Academic journal article Studies in the Novel

Constructing Masks of Hypermasculinity: The Depiction of Rampage School Shootings in Contemporary American Novels

Academic journal article Studies in the Novel

Constructing Masks of Hypermasculinity: The Depiction of Rampage School Shootings in Contemporary American Novels

Article excerpt

Few phenomena in contemporary American society exemplify the pervasive threat and destructive allure of violence more than rampage school shootings. Distinguished from gang-related violence or random outbursts, rampage school shootings occur when middle-class students attack their suburban schools (Langman 2). These incidents are infrequent, but they represent a disquieting threat at the core of the national psyche: the possibility that the ostensibly safe haven of the suburban school could shatter at any time. Since the Columbine massacre in 1999, the topic has seen regular attention in the media. Authorities have worked to implement strategies of prevention, though their effectiveness remains questionable. Gun control reform continues to be blocked and studies have proven that other concrete measures such as increased security, metal detectors, and revamped police tactics do not reduce the risk of rampage school shootings. (1) Vague condemnations of televisual representations of violence merely have spurred lawsuits against certain films and video games. Online resources devoted to crisis response have expanded in recent years, though they focus on mitigating the impact of such shootings, as opposed to eliminating them. In lieu of a clear method of prevention, a larger social discourse has grown in response to the host of cultural anxieties that rampage violence unleashes. This discourse often elides considerations of gun control legislation in favor of reevaluations of the various social challenges that beset suburban adolescents in contemporary America. The shooting is situated within a web of loosely interrelated topical issues, including high school hierarchies and bullying, the pressures of masculine ideals, violence in media and entertainment, suburban privilege and malaise, and other factors.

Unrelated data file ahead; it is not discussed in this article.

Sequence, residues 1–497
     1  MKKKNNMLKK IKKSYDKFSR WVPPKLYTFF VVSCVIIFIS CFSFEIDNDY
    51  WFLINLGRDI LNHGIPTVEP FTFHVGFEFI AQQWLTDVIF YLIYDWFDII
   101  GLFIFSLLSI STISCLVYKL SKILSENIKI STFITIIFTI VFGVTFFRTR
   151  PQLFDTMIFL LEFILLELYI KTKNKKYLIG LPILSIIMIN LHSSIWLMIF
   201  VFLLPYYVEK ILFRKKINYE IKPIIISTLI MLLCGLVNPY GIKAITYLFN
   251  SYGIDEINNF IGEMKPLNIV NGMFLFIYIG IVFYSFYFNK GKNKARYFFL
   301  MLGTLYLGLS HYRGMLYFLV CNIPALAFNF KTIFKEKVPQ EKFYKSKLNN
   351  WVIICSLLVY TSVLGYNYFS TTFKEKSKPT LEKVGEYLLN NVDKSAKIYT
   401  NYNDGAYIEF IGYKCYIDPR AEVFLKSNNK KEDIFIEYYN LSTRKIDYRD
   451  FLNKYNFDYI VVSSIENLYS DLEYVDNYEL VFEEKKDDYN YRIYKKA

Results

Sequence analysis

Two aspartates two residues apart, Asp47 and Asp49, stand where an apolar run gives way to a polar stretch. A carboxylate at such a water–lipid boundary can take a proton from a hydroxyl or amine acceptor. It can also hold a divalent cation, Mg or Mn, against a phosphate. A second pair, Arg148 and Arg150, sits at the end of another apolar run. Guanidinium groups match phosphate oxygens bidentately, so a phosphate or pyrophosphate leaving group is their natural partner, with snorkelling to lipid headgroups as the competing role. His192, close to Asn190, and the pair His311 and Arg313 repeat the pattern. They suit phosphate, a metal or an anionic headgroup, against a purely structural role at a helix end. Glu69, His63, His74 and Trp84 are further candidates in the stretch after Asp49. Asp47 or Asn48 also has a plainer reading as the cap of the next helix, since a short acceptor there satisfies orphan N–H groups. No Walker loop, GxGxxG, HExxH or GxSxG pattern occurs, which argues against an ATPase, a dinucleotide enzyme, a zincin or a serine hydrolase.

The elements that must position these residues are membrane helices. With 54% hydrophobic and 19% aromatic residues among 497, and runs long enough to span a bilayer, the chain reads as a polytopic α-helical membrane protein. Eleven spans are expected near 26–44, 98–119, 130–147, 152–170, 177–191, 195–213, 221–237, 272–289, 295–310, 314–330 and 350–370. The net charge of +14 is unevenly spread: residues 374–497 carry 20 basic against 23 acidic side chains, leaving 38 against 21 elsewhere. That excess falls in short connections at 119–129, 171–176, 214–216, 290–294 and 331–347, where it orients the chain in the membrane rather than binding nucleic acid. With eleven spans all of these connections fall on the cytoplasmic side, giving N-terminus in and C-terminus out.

Contemporary American novels also have taken up the topic of rampage school shootings, but they tend to complicate the mainstream discourse. The topic first emerged in American novels in the late 1970s and has become more prominent over the last decade. In this article I consider two novels that bridge this period, Stephen King's Rage (1977) and Lionel Shriver's We Need to Talk About Kevin (2003), both of which chart the development of individuals who grow up to become school shooters. These novels portray high school boys who internalize, reformulate, and manipulate the very issues that the media invoke when covering rampage school shootings. In the standard, media-generated discourse, issues such as masculinity and high school stratification contribute to simplistic narratives about school shootings, most of which revolve around the assumption that the perpetrator is an outcast suffering from feelings of intense failure and emasculation. Graphic video games, music, and films also play roles in this narrative: supposedly, they desensitize the youth, stripping away empathy while cultivating fantasies of violent revenge. The media essentially create a persona that brings together a series of broad, collective concerns about adolescent life in contemporary America.

Conversely, the protagonists of Rage and We Need to Talk About Kevin try to create the persona themselves. In other words, Charlie Decker and Kevin Khatchadourian also situate the shooting within a larger cultural discourse, but they do so on their own terms. They are acutely aware that the figure of the school shooter is a persona, a character to be molded and shaped for others. Thus, they struggle to seize control of what this persona represents and how it will be received, a process that is complicated by its sheer instability. Significantly, for both protagonists, the persona emerges out of unresolved conflicts, traumatic memories, and private fantasies. However, although the construction of the persona is catalyzed by individual angst, the end product is simplistic and one-dimensional. For Charlie and Kevin, the figure of the school shooter showcases hypermasculine ideals of violence, reckless courage, and "cool" emotional detachment. …

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